Perturbing Plato

This post continues on from my last two about Plato’s The Republic, which were about the problems I had with reading the book, and the things I liked. Today I will write a little about the ideas/quotes that made me a bit worried about where he was going to go with the argument.

There were some sentiments I found troubling, probably because of historical situations that we know about, but which came after Plato.

“He would reply at once, that he has no time to be ill, and that he sees no good in a life which is spent in nursing his disease to the neglect of his customary employment; and therefore bidding good-bye to this sort of physician, he resumes his ordinary habits, and either gets well and lives and does his behaviour, or, if his constitution fails, he dies and has no more trouble.”

“if a man was not able to live in the ordinary way he had no business to cure him, for such a cure would have been of no use to himself, or to the State”

There is a part of me that quite likes the first quote. Currently we live in a very individualistic society- generally people believe in living in whatever way makes themselves happy and fulfilled, and then service to society comes second to this. Another worldview, one which most of this book is based on and on which was much more common until only recently, is that an individual’s primary goal or responsibility in life is to the society and family in which they find themselves. Both worldviews do have positive things about them, and both can contribute to a person’s happiness. I like how the stoic worker in the first quote maximised his contribution to society and decreases his focus on and worry about his ill-health. What is the point getting upset about an illness, when either you die and you can’t do anything about that, or you don’t and you can just keep on. The troubling thing about all of this though, is the idea that a person’s worth is only in what they contribute to society. When followed through to extremes, this leads to regimes that think it is ok to kill the elderly off, and perhaps even the young if they are less intelligent, disabled etc.

“The proper officers will take the offspring of the good parents to the pen or fold, and there they will deposit them with certain nurses who dwell in a separate quarter; but the offspring of the inferior, or of the better when they chance to be deformed, will be put away in some mysterious, unknown place, as they should be”

I don’t think I need to explain why this quote is troubling. Deformed babies and babies of the lower classes you be put away in some mysterious, unknown place( i.e left to die)… not something I can get on board with. I wonder whether this was part of the seed of idea for epigenetics (and the nazi’s policies), or whether people have always thought like this.

“And they (the guardians) will have to be watched at every age, in order that we may see whether they preserve their resolution, and never, under the influence of either force or enchantment, forget or cast off their sense of duty to the State”

While we do want the leader to be good upstanding people, this is starting to feel a bit like a big brother scenario.

“None of them (the guardians) should have any property  of his own beyond what is absolutely necessary”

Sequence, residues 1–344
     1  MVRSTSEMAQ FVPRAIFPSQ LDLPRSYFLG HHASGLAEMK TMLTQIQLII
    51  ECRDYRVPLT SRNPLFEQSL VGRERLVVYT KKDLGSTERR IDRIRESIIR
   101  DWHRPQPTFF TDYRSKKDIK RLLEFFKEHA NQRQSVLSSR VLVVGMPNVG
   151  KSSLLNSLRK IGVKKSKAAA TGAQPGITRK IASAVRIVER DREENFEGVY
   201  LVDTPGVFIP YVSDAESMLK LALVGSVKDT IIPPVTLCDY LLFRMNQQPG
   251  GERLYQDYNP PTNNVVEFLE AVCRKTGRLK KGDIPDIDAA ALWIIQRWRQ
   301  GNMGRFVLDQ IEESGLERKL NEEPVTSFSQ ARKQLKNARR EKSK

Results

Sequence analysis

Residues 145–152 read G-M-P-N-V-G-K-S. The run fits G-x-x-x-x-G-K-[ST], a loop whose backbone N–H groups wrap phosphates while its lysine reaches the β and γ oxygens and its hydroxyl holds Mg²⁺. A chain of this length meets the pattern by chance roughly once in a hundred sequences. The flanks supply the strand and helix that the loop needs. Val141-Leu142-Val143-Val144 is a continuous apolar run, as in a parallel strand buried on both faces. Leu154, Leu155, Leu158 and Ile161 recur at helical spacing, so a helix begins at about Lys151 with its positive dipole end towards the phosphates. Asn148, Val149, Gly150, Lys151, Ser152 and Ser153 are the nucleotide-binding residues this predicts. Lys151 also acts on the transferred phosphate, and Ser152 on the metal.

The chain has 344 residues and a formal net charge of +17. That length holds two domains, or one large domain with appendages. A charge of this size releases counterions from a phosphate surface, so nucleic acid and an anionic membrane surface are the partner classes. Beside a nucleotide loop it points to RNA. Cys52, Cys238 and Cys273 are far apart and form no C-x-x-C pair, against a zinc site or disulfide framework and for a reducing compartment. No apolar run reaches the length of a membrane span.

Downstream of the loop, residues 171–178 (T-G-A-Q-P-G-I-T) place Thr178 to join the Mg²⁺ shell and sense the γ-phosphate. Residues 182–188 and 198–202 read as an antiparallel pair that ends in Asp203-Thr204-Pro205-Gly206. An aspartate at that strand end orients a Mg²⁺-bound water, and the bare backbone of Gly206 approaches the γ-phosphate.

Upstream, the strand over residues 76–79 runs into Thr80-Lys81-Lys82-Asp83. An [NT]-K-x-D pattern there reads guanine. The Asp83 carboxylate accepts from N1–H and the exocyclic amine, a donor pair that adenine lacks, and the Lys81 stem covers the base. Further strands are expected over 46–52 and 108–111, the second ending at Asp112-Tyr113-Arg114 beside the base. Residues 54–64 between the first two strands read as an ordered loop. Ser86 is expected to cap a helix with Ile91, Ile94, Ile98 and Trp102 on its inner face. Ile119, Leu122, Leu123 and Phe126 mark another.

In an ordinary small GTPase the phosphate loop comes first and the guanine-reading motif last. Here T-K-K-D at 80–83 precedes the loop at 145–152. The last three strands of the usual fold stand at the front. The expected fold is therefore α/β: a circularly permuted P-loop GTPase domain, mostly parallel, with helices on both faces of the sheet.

And this seems to be leading up to communism, which does have some good ideas in principle, but my knowledge of history makes this an uneasy path to go down.

 

 

There were then some arguments I just disagreed with:

“for madness, like vice, is to be known but not to be practised or imitated”

“we [have] no need of lamentations and strains of sorrow”

Plato argues that in his perfect society, to create the perfect guardians, there should be no poetry or theatre that is not historical or about famous people. Anything that is made up, tragic, romantic  etc is not attempting to reflect the higher truth and thus will lead people astray. I think that learning of the breadth of life can decrease prejudice, and be an education in itself. The idea is similar to an idea in Christianity to “think on these things” (pure, good things), but that verse was in context of text about not being anxious, and of acting on good teachings. I think you can learn about a whole range of things without acting them out in your real life.

 

The sections on women were a bit of a roller-coaster. Firstly I felt that the phrase he used to introduce the topic was a bad sign:

“the possession and use of women and children”

But then he seemed to advocate equal access to education and work:

“But can you use different animals for the same purpose unless they are bred and fed in the same way? Then, if women are to have the same duties as men, they must have the same nurture and education”

But the argument wasn’t over yet, and at the following quote made me await in trepidation what their answer would be:

“Let us come to an understanding of the nature of woman is she capable of sharing either wholly or partially in the actions of men, or not at all”

And the final two quotes summarise Plato’s position, which is better than it could have been, but would have been better if the final thought had been left off!

“There is nothing peculiar in the constitution of women which would affect them in the administration of the State”

“All the pursuits of men are the pursuits of woman also, but in all of them a woman is inferior to a man”

 

All in all it has been interesting read in the sense that it makes you think, even if it was not interesting at times in the sense that it was rather tedious!

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